New Haven cannot reach its full potential without a public school and early childhood system that prepares all of our young people to reach their full potential. This means a school system that encourages their academic interests, provides support for their mental and emotional well-being, and prepares students for the potential career opportunities available to them. Our schools can jumpstart our whole city, driving learning and growth for our young people and building a stronger economy. We have the opportunity to reimagine old ways of teaching and learning that did not serve children or teachers well before the pandemic. New Haven needs strong schools and strong family support to prepare all of our young people for fulfilling, family-sustaining careers. We can get there, but it requires good management and investment.
New Haven public schools have been at least partially closed for a year. NHPS was the only school district in the state that did not offer in-person school in the fall. 1 out of 3 students are chronically absent, thousands are failing their classes, and we expect mass departures from our district. We need new leadership with a clear vision to build a school system that works for all our families and with the experience to build consensus around our toughest issues.
New Haven Pre-Promise:
Offer fully-funded, universal childcare and preschool for all children from birth to 5 years old in New Haven. Much like our city made a promise to our students who aim to go to college, we should make the same promise to the youngest children in our city, and to their families. Investments in early care and education can generate significant, lifelong impacts for the children who gain access, increasing graduation rates, lifelong earnings, and parental work opportunities. Access to good quality early childcare and learning also sets students up to start traditional public school prepared and nurtured, improving growth opportunities in the most vital developmental stages and preventing children from falling behind early in their school experience. While a Pre-Promise would require significant investment, the gains for our whole city would be immense: a study from Dr. James Heckman at the University of Chicago estimated a lifelong 13% annual rate of return for society on investing in early childcare and preschool, with the most important investment coming soon after birth. We can fund the Pre-Promise with a combination of city, state, federal, and private money, working with the community organizations already providing childcare and preschool and the major institutions in our city to build a program that will grow and improve our education system for decades to come. This investment in programs will increase compensation and offer opportunities to all families who seek early care and education.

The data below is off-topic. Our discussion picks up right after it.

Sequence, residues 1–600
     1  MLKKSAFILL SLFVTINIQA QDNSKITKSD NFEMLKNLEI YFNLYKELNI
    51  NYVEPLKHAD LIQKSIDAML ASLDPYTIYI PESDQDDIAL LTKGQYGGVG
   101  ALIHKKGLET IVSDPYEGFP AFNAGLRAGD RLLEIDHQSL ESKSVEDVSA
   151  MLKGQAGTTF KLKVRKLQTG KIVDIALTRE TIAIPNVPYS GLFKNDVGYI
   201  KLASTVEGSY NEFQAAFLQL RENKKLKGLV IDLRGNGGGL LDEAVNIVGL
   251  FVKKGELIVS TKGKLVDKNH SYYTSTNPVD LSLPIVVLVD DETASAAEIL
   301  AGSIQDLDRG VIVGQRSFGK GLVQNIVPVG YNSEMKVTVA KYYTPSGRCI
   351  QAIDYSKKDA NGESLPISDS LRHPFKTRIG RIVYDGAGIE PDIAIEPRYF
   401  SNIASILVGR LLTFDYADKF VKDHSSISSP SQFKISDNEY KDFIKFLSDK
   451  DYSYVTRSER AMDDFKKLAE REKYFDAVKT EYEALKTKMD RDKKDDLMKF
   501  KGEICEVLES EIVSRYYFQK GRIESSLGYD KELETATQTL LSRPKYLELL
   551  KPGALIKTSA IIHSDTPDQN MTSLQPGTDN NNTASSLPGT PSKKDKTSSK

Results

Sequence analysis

Strengthen Health and Safety Measures
Create and Expand Pipeline Programs into Local Careers
Develop and expand programs to train our students in the skills necessary for the kinds of jobs available in New Haven, now and in the future. In addition to college preparation, our schools can prepare our students for the work that’s available in New Haven, both now and in the future. The city can facilitate partnerships between the district and our colleges and universities, local unions, and non-profits and other organizations like New Haven Works to generate clear pathways to available jobs and the training and credentials necessary to thrive in that work. Training and pathways to work should be available for technical work like the skilled trades, biotech, or green technologies, but should also encourage pathways to entrepreneurship, small business ownership, and city jobs where we have frequent vacancies but real opportunities for good stable work like emergency response, public safety, or education.
Increasing Minority Teacher Recruitment and Retention
Making School More Accessible, Welcoming and Embracing of Multilingualism
Youth Leadership and Engagement